Historic Telaquana Trail Route

The Telaquana Trail is a popular backpacking journey along a historic Dena'ina Athabascan route from Telaquana Lake to Kijik Village on Lake Clark. Despite its name, the Telaquana Trail is in fact only a route and not actually a trail. Adventurers who embark on this hike will need to rely upon their way-finding, map-reading, and trailless hiking skills to navigate. This page only describes the general terrain in the northern section between Telaquana Lake and Lower Twin Lake. It does not describe in detail the exact route you should walk. Instead, we encourage you to use the information provided to plan your own unique trip!

Photo of a backpacker hiking across tree-less hills with tall, snow-capped mountains in the distance.
Spectacular views greet hikers and campers along the historic Telaquana Trail Route.

NPS Photo / Adrienne Lindholm



USGS 1:63 360 series topographic Lake Clark C3, D3


An air taxi will need to drop you off and pick you up at the lake/s of your choice along the route; Telaquana Lake, Turquoise Lake, or Lower Twin Lake. A float or amphibious plane is required in order to land on these lakes in the summer, as none have beaches suitable for a wheeled plane to land. Planes operating on wheels or skis may land on the lakes in the winter if ice conditions are suitable.


2-4 days depending on how fast you hike and how much time you spend exploring or relaxing.


Gentle to moderate trail-less hiking over rolling alpine tundra. Three river crossings dip below treeline into the forest.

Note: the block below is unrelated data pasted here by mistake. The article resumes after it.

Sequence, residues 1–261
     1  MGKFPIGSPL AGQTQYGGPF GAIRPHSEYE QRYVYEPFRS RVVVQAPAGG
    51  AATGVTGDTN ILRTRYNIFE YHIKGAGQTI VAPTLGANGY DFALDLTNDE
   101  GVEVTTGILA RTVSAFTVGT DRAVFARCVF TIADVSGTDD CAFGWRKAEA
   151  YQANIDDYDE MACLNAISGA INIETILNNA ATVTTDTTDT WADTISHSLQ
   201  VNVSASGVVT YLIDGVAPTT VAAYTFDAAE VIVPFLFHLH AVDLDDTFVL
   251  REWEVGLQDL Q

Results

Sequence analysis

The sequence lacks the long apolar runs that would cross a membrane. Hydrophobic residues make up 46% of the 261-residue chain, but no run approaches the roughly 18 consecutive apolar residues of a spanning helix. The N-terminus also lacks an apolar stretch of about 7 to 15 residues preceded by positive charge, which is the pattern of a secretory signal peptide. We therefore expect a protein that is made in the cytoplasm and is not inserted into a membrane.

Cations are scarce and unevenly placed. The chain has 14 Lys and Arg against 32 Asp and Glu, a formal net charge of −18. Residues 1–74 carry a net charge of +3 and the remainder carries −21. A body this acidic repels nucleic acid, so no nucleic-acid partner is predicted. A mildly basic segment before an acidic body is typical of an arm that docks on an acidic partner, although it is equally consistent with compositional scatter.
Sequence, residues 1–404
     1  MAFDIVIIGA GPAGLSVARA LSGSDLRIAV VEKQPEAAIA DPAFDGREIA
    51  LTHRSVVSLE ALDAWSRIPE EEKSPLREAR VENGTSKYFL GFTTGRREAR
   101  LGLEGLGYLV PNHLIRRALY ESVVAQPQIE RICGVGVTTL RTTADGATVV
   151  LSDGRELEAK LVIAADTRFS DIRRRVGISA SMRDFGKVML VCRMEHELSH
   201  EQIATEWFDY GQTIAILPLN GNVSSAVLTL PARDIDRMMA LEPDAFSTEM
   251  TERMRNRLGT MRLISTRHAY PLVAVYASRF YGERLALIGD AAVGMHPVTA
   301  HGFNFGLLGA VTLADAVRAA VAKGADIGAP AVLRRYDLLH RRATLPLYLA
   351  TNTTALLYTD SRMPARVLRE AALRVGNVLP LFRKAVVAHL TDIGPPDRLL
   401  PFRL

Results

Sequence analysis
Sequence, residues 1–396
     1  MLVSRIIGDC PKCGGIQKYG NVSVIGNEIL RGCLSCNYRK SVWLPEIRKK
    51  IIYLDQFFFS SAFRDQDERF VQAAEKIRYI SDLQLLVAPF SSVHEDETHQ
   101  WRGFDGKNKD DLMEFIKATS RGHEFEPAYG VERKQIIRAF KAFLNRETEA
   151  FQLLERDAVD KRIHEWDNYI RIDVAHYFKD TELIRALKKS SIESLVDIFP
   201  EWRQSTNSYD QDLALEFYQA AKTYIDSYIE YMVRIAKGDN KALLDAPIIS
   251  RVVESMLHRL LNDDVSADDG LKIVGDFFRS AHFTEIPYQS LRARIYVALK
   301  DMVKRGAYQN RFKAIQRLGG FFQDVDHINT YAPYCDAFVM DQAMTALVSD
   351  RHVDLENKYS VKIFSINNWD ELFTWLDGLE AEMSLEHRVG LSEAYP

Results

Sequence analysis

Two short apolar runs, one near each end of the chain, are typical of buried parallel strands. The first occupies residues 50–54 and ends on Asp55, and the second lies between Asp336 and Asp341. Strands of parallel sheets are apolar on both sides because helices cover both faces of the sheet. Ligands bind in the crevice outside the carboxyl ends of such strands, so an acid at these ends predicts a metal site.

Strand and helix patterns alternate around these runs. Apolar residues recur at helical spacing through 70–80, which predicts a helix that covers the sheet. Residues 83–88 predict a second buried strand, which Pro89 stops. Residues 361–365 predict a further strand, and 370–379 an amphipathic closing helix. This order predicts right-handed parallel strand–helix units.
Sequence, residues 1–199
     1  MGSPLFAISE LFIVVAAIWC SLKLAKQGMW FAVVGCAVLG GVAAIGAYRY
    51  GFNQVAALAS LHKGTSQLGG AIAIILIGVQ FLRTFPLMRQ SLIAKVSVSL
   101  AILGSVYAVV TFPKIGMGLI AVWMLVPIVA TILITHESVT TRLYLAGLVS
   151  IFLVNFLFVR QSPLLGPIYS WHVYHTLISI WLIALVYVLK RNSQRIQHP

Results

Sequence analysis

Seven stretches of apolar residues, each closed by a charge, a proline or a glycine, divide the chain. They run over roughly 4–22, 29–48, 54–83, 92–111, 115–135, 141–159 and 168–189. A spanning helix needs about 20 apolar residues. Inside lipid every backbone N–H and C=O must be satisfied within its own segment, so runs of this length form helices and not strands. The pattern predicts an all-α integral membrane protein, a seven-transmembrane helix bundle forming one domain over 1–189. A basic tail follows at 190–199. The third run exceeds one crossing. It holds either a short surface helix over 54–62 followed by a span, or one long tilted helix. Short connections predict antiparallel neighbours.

Feel like you're following in the footsteps of generations of Dena'ina people. While there is no actual trail, this route takes advantage of some of the most gentle and scenic terrain in the park.


Three major rivers flow through this route; the Telaquana River which drains Telaquana Lake, the Mulchatna River which drains Turquoise Lake, and the Chilikadrotna River which drains Lower Twin Lake. Lower water levels may occur May-June and mid-August. Manage the risks by using the Plan > Pick > Assess > Check method for river crossings.

You can avoid crossing the Telaquana River by getting dropped off/picked up (depending on which way you walk the route) on the south side of Telaquana Lake.

You must cross the Mulchatna River if you plan on hiking the entire distance between Telaquana and Lower Twin Lake. It can be waist deep in mid-summer. Caution is recommended. Experienced packrafters may wish to bring a packraft to facilitate crossing. Hikers tend to cross at the lake outlet or a couple miles downstream at the historic crossing where the water is shallower.

Crossing the Chilikadrotna River is much the same as the Mulchatna but can be avoided by getting dropped off/picked up (depending on which way you walk the route) on the North side of the river at Lower Twin Lake.

Lake Clark is bear country, and you may encounter brown bears or American black bears during your trip. Store your food properly and be sure you know how to stay safe in bear country.

Route Description

The Telaquana Trail can be hiked south from Telaquana Lake or north from Lower Twin. The expansive tundra plains between the lakes offer countless opportunities for exploring. The most direct route bisects the outlets of Turquoise and Lower Twin Lakes, but you can customize your trip to meander through the area as you please.

To hike south from Telaquana Lake, begin the hike from mid-lake on Telaquana Lake and climb through forest and shrub up into alpine country. This may take two to five hours. Once above tree line the camping sites and drinking water are numerous and you may continue at your desired pace. Be sure to cross the Mulchatna River up stream of the first major tributary entering from the south; this about 1.5 miles downstream of Turquoise Lake. Follow this same tributary up to higher country before making the descent into the Chilikadrotna river basin, which is forested.


Contact the Park

Mailing Address:

General Delivery
Port Alsworth, AK 99653


(907) 781-2117

Contact Us